Saturday, December 29, 2018

Victoria Monkhouse (1885 – 1970) - British Artist and illustrator, possibly best remembered for her illustrations of women working on the Home Front in Britain during the First World War.

Louisa Victoria Monkhouse was born on 24th May 1885 in Barton, Chesterton, Cambridgeshire
Her parents were Alfred William Monkhouse, an Anglican Church Minister, and his wife, Mary Eliza Monkhouse, nee Stuart, who was from Canada.   Louisa had the following siblings:  Mary Violet, b. 1877, Alf Cyril Delopope, b. 1878, Mabel Agnes, b., 1879, Ellen Janet, b. 1882.

Victoria was educated at Cambridge University where, alongside her studies, she created a series of caricatures of university academics, which the “Cambridge University Magazine” published during 1907.

During the First World War the sisters all helped the war effort - Mary Violet worked as a Red Cross Nurse, Mabel Agnes, worked in Ordnance in Coventry, Ellen Janet was a VAD  nurse and Victoria worked as a canteen worker.

Following the establishment of the Imperial War Museum (IWM) in London during the First World War, a decision was made to record the contribution women were making to the war effort.  Writer and explorer Agnes Conway, daughter of the first honorary Director-General of the IWM, was appointed to organise and lead the Museum's newly created Women's Work Sub-Committee.  Agnes contacted Victoria Monkhouse and commissioned her to produce a series of sketches and watercolours showing women working in the jobs left vacant by men who were serving in the forces. Victoria produced a series of paintings, showing women working as bus conductresses, drivers, window cleaners and in a wide variety of other exclusively male roles.



After the War, Victoria exhibited her work in various exhibitions during the 1920s.
In 1939 Victoria lived with her sisters – Mary Violet, who was also an artist, Mabel Agnes and Ellen Janet - in Eton, Buckinghamshire.  Victoria died in 1970.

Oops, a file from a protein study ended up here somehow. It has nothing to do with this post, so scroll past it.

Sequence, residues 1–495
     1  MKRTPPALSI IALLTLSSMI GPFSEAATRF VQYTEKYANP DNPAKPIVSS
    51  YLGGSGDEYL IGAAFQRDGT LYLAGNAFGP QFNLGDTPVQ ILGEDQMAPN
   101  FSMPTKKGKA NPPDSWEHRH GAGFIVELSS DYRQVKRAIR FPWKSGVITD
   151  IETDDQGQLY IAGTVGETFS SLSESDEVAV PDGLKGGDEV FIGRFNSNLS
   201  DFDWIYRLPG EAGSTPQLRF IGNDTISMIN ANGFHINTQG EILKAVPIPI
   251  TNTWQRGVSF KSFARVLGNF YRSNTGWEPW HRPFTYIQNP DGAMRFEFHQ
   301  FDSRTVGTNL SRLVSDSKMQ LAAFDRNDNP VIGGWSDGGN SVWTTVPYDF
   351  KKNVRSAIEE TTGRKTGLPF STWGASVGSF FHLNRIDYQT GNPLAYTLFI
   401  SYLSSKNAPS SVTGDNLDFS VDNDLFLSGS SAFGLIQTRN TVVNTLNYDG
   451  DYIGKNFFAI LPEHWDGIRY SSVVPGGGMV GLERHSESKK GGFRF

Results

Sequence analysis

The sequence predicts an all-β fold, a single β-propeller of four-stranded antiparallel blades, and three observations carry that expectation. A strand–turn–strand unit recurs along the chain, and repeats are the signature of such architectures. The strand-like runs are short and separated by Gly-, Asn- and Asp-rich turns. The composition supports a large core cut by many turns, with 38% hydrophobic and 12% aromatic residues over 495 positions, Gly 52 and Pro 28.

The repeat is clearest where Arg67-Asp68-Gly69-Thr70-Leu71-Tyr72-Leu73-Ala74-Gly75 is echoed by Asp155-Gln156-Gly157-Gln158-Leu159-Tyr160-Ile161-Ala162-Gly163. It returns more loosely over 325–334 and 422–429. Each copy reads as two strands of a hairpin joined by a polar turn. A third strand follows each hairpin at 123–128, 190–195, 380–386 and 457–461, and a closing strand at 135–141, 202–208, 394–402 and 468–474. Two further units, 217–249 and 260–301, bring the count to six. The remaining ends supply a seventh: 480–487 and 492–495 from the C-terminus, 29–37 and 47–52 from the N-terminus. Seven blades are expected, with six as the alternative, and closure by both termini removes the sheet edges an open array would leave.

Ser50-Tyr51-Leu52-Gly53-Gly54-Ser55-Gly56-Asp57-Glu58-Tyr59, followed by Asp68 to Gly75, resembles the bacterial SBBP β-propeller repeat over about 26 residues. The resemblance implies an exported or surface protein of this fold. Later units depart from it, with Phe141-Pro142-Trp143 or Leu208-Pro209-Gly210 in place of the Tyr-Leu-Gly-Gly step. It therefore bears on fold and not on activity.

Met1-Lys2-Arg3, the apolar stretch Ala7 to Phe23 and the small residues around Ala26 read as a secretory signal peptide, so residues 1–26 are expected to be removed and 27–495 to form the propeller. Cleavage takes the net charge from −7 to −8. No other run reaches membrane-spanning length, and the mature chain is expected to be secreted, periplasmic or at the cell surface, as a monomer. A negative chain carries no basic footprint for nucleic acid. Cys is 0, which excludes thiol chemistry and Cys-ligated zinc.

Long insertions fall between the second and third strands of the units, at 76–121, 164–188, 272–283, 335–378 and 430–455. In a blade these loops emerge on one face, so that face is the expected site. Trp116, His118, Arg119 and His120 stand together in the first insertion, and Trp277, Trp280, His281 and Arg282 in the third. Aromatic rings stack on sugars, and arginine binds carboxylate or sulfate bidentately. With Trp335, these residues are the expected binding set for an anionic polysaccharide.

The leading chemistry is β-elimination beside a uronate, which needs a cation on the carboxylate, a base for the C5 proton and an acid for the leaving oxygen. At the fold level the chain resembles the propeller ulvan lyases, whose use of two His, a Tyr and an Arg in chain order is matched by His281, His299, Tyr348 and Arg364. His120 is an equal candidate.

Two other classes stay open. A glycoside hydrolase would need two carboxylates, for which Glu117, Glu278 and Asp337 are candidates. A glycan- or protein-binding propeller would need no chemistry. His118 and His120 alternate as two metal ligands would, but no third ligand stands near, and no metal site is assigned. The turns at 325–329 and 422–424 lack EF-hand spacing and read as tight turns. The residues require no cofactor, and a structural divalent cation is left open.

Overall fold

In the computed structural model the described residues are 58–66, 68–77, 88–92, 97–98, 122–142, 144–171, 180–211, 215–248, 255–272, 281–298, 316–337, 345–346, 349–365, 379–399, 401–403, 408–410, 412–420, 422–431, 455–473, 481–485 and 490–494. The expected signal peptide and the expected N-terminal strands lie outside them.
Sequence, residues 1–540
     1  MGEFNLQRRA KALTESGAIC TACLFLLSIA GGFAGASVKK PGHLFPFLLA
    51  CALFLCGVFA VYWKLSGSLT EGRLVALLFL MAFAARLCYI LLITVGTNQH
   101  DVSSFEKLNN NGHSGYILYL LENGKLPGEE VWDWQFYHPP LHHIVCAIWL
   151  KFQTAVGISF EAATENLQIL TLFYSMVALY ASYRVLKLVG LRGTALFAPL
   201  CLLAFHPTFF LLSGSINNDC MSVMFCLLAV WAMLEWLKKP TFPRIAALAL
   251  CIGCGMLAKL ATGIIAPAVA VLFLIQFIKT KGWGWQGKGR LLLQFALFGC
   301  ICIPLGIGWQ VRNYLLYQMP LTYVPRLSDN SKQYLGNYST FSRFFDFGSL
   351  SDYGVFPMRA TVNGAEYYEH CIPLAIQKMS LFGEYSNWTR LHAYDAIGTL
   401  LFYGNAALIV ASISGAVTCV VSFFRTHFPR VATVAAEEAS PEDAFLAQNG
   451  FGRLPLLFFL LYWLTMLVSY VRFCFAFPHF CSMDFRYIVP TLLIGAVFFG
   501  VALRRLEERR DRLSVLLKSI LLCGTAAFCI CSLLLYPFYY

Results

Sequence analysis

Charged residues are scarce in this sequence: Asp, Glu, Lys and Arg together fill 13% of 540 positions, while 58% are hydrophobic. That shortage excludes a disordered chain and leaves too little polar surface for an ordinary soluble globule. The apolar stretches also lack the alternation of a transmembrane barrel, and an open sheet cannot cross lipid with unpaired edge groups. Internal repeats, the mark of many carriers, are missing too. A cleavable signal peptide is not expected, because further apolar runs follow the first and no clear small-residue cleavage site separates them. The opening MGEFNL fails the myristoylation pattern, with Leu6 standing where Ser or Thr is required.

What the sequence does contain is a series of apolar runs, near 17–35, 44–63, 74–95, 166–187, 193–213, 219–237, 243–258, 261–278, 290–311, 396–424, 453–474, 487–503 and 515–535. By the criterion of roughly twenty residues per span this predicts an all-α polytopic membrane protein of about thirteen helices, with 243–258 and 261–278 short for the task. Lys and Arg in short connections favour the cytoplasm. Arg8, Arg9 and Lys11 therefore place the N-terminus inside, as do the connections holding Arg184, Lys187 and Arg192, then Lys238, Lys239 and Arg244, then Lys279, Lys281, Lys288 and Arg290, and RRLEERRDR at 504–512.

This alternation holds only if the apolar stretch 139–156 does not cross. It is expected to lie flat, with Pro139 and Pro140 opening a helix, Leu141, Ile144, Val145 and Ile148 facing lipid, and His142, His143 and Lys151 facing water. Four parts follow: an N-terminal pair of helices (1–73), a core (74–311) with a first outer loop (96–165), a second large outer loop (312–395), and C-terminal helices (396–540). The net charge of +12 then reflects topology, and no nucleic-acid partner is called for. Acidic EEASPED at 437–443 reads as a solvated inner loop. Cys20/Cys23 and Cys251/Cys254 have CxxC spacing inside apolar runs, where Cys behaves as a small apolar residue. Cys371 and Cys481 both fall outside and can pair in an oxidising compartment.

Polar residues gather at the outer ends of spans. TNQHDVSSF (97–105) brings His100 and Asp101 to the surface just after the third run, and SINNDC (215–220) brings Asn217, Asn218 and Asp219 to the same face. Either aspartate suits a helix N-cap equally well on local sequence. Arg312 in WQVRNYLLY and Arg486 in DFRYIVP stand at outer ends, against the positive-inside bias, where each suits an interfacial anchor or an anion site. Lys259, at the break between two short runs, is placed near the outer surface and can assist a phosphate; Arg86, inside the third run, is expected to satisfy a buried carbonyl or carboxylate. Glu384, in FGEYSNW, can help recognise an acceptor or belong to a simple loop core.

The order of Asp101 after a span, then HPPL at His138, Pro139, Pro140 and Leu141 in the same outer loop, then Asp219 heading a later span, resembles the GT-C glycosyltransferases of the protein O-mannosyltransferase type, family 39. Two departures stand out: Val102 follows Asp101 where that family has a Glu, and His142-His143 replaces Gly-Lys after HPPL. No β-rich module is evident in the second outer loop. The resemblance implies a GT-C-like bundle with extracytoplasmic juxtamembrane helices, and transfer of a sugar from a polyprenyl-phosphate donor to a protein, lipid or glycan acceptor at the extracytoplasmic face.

Monday, December 24, 2018

Major Sir William Newenham Montague Orpen, KBE, RA, RHA (1878 – 1931) – artist

I appreciate that Orpen is one of the most famous War Artists of the First World War, but his career as a war artist on the Western Front is not that well documented.

Born in Stillorgan, County Dublin, on 27th November 1878, William Orpen was the fourth and youngest son of Arthur Herbert Orpen (1830–1926), a solicitor, and his wife, Anne, nee Caulfield.  Both his parents were amateur artists, and his eldest brother, Richard Caulfield Orpen, became a notable architect. William was a naturally talented painter and shortly before his thirteenth birthday his parents enrolled him in the Dublin Metropolitan School of Art. During his six years at the college, William won every major prize.

In 1901, William held a solo exhibition at the Carfax Gallery in London.  That year, he married Grace Knewstub, the sister-in-law of the artist Sir William Rothenstein. They had three daughters but the marriage was not a happy one and, by 1908, William had begun a long running affair with Mrs Evelyn Saint-George, a well-connected American millionairess based in London

During the First World War, William was the most prolific of the official war artists sent by Britain to the Western Front. Although he was made a Knight Commander of the Order of the British Empire in the 1918 King's birthday honours list, and also elected a member of the Royal Academy of Arts, his determination to serve as a war artist cost him both his health and his social standing in Britain.

In December 1915, William was commissioned into the Army Service Corps and reported for clerical duty at London's Kensington Barracks in March 1916. Throughout 1916, he continued painting portraits, most notably one of a despondent Winston Churchill. In January 1917, the “Daily Mirror” reported that Field Marshal Douglas Haig himself had "conferred" on William the title of Official Artist with the British Army in France. The other artists on the Department of Information War Artist scheme had the honorary rank of second lieutenant and were restricted to three weeks visiting the Western Front, whereas, William was promoted to the rank of Major and given indefinite permission to remain at the Front. An officer from Kensington Barracks was appointed as his military aide, a car and driver were made available in France and Orpen paid for a batman and assistant to accompany him.

When the war ended the Imperial War Museum commissioned William to remain in France and paint three large group portraits of the delegates to Paris Peace Conference. He moved to Paris in January 1919 to begin work on his next commission and during 1919 painted individual portraits of the delegates to the Conference which formed the basis of his two large paintings, “A Peace Conference at the Quai d'Orsay” and “The Signing of Peace in the Hall of Mirrors”.

William considered that the whole conference was being conducted with a lack of respect or regard to the suffering of the soldiers who fought in the war and he attempted to address this in the third painting of the commission. This picture was to show the delegates and military leaders as they entered the Hall of Mirrors to sign the Treaty of Versailles.